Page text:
I went to see two films in twenty-four hours. For lazy me, this is a momentous occasion. The second of these films, chronologically, was Inception. I talked about that first. Don’t ask me why. The first was Toy Story 3.
Toy Story 3

Before, I spoke about wanting an empty cinema, void of distractions, for watching my films. The hypothesis was this: people whisper and suck you out of immersion. It can be a good thing: I’ve mentioned how Four Lions seemed, I suspect, funnier because of the amount (and mood) of people in that screening. But, for good or bad, it’s pretty much undeniable: the audience changes the film.

Pixar films are the exception to this rule (the problem becoming inverted: the oh God don’t cry that would be too embarrassing don’t cry effect). Where Inception was difficult to engage with emotionally, being distracted from Toy Story was near-impossible. I could see Dom checking his watch to my left. I knew we were cutting it tight with our parking ticket. I just didn’t care.

Because Pixar have discovered the magical formula, now. The film consistently pulls on a visceral emotional response. Sometimes that’s laughter, or warm nostalgia. Sometimes it’s pure, big, colourful spectacle. Often it’s trying to make you cry.


These are the things Inception doesn’t quite know how to use. Even, for example, as an action film, Toy Story fares better. It provides more pure heart-in-mouth moments, at least one example of sheer terror for the plight of the heroes. For all its folding cities and rotating, anti-gravity fight scenes, Toy Story does spectacle better.

In emotion? Inception is barely interested. Pixar, meanwhile, are masters of traditionally-crafted films, everything perfectly placed knowing the exact reaction it aims for and will achieve.That sounds a light mechanical. And Toy Story‘s difficult to talk about this way, because it’s as exactly as much of a bare example of pure, masterful craft as Inception is.

And, thing is: while I hardly dreaded seeing Toy Story 3, it summoned nothing of the excitement the last few Pixar films have held for me. I knew the formula, I didn’t care much for the characters and, frankly, it seems unlike the Pixar of today. They seem a little beyond sequels at this point. The first film is a great family film … but Pixar seem to be pushing to making films for adults, that just happen to be accessible to (and, fortunately, hold the endless fascination of) kids too. Not too many other films in the history (and probably future) of cinema whose focus was a grieving widower could also sell action figures and inspire arguments over, no, I wanna be Kevin this time in the back garden, y’know?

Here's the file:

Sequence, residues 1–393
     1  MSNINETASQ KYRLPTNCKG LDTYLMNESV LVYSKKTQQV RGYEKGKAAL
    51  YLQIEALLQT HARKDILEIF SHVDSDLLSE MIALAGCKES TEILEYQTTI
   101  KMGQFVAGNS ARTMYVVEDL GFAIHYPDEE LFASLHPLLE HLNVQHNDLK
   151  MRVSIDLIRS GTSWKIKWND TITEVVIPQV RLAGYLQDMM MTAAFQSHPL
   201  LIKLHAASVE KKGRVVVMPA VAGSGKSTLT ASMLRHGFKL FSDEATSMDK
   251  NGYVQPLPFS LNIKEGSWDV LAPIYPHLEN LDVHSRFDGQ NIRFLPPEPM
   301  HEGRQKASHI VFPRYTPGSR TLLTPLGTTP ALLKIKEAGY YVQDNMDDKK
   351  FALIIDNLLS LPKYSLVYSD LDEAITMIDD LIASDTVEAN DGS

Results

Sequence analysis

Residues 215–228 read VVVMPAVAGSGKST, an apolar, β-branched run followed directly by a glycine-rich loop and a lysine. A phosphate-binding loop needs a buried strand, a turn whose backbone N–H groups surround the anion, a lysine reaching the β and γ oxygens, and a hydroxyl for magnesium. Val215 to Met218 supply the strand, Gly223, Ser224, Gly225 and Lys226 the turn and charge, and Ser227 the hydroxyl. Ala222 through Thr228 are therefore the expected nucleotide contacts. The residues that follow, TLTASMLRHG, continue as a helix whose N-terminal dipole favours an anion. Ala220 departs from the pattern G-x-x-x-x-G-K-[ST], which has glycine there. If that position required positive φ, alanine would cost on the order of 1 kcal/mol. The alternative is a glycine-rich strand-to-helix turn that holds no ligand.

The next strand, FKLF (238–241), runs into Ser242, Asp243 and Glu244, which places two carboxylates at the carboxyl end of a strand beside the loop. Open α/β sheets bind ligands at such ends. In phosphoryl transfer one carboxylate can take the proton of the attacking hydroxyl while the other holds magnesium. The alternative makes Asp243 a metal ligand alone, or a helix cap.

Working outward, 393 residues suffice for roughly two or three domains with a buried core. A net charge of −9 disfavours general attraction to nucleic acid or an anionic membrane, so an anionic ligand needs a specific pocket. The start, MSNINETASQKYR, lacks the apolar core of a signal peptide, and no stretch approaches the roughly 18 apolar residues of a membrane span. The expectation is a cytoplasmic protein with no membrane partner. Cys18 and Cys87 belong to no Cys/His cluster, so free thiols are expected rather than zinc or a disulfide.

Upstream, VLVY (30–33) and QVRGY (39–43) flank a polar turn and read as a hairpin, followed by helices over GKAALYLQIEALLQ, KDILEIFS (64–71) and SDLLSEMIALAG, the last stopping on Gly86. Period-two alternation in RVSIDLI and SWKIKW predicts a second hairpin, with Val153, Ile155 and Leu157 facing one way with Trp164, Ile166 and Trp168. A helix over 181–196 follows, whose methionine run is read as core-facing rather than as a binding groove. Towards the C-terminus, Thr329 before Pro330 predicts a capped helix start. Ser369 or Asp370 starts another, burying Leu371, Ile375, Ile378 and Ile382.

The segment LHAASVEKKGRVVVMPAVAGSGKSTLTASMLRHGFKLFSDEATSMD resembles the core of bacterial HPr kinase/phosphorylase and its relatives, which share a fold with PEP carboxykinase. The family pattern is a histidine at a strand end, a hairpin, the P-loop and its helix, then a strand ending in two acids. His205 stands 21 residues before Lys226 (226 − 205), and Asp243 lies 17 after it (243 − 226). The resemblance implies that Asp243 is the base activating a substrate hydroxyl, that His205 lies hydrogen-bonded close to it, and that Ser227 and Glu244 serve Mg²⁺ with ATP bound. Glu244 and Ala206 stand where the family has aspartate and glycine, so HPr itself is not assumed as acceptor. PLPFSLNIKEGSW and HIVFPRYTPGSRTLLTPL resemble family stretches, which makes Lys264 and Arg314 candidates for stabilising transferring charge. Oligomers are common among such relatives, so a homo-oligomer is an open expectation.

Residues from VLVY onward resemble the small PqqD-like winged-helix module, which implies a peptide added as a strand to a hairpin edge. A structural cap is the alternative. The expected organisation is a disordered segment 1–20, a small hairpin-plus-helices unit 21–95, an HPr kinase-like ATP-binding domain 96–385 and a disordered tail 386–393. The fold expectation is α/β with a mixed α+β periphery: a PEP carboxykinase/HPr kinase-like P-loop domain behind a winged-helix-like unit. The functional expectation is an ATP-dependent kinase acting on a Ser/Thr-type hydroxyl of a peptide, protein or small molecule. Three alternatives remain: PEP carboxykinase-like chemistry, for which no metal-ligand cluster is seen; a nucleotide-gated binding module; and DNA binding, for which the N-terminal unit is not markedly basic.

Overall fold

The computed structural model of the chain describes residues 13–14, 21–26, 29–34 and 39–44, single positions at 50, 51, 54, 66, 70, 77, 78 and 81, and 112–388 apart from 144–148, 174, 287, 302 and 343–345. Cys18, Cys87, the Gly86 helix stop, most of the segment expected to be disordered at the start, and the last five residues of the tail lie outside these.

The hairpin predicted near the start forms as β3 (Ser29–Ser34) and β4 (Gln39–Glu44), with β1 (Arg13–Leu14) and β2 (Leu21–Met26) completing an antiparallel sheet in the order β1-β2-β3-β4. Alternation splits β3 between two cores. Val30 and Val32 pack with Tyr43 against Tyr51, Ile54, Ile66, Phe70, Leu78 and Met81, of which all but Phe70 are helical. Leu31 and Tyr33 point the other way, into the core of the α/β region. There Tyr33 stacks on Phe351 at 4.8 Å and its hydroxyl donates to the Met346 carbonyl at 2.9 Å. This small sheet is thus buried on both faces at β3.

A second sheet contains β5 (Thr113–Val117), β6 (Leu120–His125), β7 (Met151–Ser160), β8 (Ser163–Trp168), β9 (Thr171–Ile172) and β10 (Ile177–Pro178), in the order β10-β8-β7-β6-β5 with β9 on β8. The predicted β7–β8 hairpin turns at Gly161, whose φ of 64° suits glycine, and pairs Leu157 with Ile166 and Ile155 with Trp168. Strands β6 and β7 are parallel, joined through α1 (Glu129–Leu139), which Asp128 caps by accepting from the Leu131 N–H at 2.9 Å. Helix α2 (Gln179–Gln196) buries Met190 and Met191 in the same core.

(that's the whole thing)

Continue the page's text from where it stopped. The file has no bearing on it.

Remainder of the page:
Being fully honest, a lot of my worries applied.


They just didn’t matter.

It was formulaic. The plot followed the familar pattern of the first two in a lot of ways. But damn if it didn’t fight the corner for the film formula as a non-dirty word. The formula works, and it’s a proven form on which to hang some quite thoughtful ideas: in this case, a reversal of the getting-old/broken/redundant theme of Toy Story 2. I’m still not too fond of Buzz and Woody as characters, true: but the ideas they represent – childhood, and lost toys, and innocence – are holy to me. Endangering them is an assault on entire parts of my personality.

Which is why being a sequel works. Toy Story was itself a part of my childhood; it’s true for all of us. No other piece of pop-culture has held such a perfect position for our generation. It’s as easy to sneer at the little kids going into the cinema as it is the newcomers attending a gig to sing along to the chorus of your favourite band’s one accidental hit-single and tap their toe through the other stuff. This isn’t theirs, it’s ours.

After all, it’s been seven years. In any other hands, this would look like greed. And until I sat down in that cinema, being honest, it did. But, just like Dom checking his watch and the ticking parking meter and the impending potential fine, it all washed away in the ease of perfect feeling Toy Story 3 manages to be. Enough to show me I was being a snob; to show me the wisdom in letting us grow out of Toy Story just a little, placing us firmly in the place of Andy, and so more emotionally vulnerable. But all that came after the film; not during. Never during. That’s the Pixar magic.

…And I guess that’s all, folks. I’ve got a lot more in me: how both films reminded me of Lost, in differing ways. My worries about the future of Pixar, and the theory of Pixar’s Five Ages. But I’ve gone on long enough. I’m sure most of it will come out in future posts or essays or comments.

Oh, and speaking of essays: if you would by any chance be interested in reading the essay I wrote for a Film Studies course on death and mourning in Disney and Pixar films (using Up, Bambi and The Lion King as my examples), let me know and I’ll post it up on here. But be warned, it makes this admittedly long-windeed post look like a brief relaxed chat.

And, for anyone wondering, here’s the Kenickie b-side I named these two posts after:

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